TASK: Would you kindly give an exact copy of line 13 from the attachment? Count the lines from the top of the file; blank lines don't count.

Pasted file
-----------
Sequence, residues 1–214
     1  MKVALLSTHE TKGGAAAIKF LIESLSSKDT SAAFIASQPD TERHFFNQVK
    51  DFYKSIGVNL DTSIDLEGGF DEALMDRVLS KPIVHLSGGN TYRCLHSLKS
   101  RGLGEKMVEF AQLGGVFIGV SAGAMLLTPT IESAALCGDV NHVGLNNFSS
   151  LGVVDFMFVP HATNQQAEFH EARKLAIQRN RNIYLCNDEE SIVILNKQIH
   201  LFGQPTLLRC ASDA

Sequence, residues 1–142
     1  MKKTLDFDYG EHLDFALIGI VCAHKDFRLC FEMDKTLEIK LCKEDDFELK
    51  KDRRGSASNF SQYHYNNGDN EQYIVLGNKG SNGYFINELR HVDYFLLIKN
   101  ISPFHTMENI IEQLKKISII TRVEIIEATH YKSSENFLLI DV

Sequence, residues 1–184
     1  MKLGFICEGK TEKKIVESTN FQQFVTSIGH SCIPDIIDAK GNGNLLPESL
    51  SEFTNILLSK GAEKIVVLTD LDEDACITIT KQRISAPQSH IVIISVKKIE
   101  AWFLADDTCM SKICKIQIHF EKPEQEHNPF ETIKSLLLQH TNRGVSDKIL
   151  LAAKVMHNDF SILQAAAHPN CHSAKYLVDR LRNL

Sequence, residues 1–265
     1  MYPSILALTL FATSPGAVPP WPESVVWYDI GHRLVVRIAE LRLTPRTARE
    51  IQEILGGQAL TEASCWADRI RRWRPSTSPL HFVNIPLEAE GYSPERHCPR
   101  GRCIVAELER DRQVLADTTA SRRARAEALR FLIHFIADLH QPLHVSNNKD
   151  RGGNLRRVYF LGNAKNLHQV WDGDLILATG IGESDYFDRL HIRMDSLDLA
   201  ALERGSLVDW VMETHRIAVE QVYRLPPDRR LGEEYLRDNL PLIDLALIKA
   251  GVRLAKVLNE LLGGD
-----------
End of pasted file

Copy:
    51  SEFTNILLSK GAEKIVVLTD LDEDACITIT KQRISAPQSH IVIISVKKIE